One never knows what one will find when he starts researching. I planned to write something about each president's first 100 Days in office since 1960, but that was way too long for this format. Comparisons and contrasts between John F. Kennedy and Donald Trump piqued my interest during the process. It turns out that the times were reasonably similar. History tells you how one reacted, only the future knows what the other will do.

Legislative agenda

John F. Kennedy signed 27 into law, such as the one commemorating the 100th anniversary of the first inauguration of Abraham Lincoln and put former President Dwight Eisenhower back in the Army at the rank of 5-star general.

The president also signed a bill extending jobless compensation benefits for 13 more weeks.

While none of Kennedy’s legislation in his first 100 days were major laws, the laws were signed. An Executive Order JFK signed, establishing the Peace Corp, would become law in later months. By way of comparison, Donald Trump has signed 29 bills, but 15 were resolutions from Congress. Two of the laws Trump approved include the INSPIRE Women Act and Promoting Women in Entrepreneurship Act.

JFK sent 28 messages to Congress outlining his ideas of programs to halt the recession, to get the unemployed re-employed, to obtain fair housing, and to create better educational facilities. Trump has not sent proposals to Congress.

Instead, Trump sent a brief message and expected congressional leaders to do it.

Domestic front

Kennedy and Trump shared interest in economic stimulation, albeit half a century apart. The 87th Congress was not prepared to spend more than was being taken in. The deficit was already more than $5 billion and Kennedy did not think Congress would increase the limit.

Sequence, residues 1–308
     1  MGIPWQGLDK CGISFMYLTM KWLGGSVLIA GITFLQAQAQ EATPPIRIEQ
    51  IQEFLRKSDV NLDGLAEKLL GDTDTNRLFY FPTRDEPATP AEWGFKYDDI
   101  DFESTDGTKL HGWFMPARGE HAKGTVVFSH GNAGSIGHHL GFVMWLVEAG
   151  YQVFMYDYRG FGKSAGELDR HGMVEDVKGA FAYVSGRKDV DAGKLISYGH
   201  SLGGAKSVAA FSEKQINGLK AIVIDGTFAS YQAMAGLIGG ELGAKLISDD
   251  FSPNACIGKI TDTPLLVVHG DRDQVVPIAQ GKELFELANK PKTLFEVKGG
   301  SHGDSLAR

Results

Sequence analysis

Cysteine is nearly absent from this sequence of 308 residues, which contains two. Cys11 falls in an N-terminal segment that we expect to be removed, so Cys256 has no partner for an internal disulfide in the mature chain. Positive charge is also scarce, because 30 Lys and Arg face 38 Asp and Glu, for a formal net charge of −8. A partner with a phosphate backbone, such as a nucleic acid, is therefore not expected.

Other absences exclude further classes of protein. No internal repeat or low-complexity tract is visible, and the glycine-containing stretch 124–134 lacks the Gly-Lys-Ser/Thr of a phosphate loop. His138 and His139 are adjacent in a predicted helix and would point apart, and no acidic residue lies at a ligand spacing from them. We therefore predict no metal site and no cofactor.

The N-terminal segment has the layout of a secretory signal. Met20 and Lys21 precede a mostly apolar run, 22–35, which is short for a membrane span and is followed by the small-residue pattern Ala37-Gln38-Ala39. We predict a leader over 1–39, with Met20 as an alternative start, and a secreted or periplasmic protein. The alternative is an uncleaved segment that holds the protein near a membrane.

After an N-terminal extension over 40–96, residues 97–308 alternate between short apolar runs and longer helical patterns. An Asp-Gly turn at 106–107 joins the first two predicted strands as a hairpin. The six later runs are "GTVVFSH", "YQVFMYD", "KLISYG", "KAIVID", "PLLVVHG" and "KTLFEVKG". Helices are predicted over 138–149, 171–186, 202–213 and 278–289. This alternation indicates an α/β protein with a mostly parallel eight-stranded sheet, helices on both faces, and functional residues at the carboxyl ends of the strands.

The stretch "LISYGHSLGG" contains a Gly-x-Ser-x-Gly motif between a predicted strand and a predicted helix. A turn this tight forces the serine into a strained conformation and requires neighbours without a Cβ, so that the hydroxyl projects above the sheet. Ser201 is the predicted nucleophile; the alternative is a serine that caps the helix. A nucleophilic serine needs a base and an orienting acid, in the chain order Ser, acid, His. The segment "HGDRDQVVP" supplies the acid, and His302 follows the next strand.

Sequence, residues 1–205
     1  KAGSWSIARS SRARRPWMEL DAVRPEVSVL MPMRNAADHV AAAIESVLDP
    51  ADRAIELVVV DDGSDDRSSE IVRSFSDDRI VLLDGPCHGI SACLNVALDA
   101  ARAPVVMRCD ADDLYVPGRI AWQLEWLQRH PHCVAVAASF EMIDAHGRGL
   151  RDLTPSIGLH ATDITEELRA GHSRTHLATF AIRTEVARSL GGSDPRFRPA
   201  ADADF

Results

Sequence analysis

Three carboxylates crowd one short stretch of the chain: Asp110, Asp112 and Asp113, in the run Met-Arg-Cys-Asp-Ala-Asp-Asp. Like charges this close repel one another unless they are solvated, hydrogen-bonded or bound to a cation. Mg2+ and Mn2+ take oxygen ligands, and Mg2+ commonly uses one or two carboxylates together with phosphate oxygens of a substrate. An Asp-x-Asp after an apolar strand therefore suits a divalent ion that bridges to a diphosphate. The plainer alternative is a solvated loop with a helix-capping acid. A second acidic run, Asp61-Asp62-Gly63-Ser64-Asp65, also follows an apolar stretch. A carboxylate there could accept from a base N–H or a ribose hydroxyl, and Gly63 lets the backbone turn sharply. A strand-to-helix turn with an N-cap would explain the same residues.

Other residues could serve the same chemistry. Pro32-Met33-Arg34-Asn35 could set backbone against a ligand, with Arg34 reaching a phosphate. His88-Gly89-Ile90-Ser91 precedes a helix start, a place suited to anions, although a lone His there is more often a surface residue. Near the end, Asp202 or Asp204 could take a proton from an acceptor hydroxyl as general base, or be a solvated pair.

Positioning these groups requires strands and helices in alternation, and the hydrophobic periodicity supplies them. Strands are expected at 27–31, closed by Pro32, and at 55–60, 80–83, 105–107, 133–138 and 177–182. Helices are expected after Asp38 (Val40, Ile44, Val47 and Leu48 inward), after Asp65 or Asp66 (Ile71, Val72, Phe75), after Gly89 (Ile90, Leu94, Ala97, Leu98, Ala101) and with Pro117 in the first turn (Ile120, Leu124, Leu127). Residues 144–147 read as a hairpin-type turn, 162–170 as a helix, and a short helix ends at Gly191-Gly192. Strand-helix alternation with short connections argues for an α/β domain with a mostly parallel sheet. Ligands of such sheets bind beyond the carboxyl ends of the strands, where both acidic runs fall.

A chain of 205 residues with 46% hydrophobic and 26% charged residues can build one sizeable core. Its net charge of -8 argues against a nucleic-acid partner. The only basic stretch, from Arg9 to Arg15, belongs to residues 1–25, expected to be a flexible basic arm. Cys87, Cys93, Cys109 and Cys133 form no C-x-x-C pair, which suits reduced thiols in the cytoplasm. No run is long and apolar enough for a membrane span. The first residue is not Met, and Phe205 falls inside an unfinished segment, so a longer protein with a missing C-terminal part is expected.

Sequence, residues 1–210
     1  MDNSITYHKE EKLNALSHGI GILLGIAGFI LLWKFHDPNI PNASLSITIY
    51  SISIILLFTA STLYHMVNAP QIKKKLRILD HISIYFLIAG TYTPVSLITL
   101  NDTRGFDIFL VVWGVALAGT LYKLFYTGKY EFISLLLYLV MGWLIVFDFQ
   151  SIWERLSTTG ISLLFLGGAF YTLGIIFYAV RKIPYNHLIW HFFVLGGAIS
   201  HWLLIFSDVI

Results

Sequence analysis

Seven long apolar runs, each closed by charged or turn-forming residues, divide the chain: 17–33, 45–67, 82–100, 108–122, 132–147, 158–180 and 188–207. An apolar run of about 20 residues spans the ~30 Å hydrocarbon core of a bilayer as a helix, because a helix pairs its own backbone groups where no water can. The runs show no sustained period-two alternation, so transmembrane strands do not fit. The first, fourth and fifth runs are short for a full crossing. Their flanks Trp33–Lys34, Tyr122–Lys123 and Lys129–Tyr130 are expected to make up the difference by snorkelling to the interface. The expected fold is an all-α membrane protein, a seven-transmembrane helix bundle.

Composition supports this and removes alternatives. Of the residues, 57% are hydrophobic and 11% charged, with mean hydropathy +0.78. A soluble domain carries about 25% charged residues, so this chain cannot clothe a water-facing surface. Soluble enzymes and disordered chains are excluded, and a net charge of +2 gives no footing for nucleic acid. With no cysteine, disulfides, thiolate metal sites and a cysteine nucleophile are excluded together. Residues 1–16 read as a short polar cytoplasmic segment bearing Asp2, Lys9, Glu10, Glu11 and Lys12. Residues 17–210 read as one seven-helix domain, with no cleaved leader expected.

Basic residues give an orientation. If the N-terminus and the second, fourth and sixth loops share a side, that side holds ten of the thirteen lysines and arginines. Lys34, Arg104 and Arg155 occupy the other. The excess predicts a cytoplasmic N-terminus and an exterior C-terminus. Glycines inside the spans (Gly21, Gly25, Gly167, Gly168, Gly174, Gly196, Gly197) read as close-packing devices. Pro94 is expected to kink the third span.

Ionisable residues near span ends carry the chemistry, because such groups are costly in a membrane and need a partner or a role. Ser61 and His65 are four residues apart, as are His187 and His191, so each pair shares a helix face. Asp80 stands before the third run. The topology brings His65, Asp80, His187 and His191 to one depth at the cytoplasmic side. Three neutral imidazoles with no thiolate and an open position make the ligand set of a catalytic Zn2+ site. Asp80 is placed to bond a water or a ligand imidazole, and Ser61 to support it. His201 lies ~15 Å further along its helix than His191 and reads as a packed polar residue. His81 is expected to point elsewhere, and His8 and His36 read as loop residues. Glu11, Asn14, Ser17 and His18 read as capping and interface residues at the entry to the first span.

The Fed refused to lower its 3.99 interest rates, unemployment had shot up to 6.2 percent by the 1960 election, and the economy was shrinking.

JFK fought the Establishment through executive orders. Federal payments and refunds were accelerated, and contracts were directed to areas with the highest unemployment. These actions, plus the additional optimism his young presidency brought with it, were enough for the economy to show signs of an upturn by April of 1961.

Trump has not had the same luck. He is at war with the media and never had a honeymoon, let alone a fantasy period in the White House. The Fed is expected to raise its rate from .75 percent, unemployment dropped from 4.8 percent to 4.5 percent in Trump’s first three months and the Census Bureau’s economic indicators are steady under this administration. Questions abound about his tax simplification plan, though.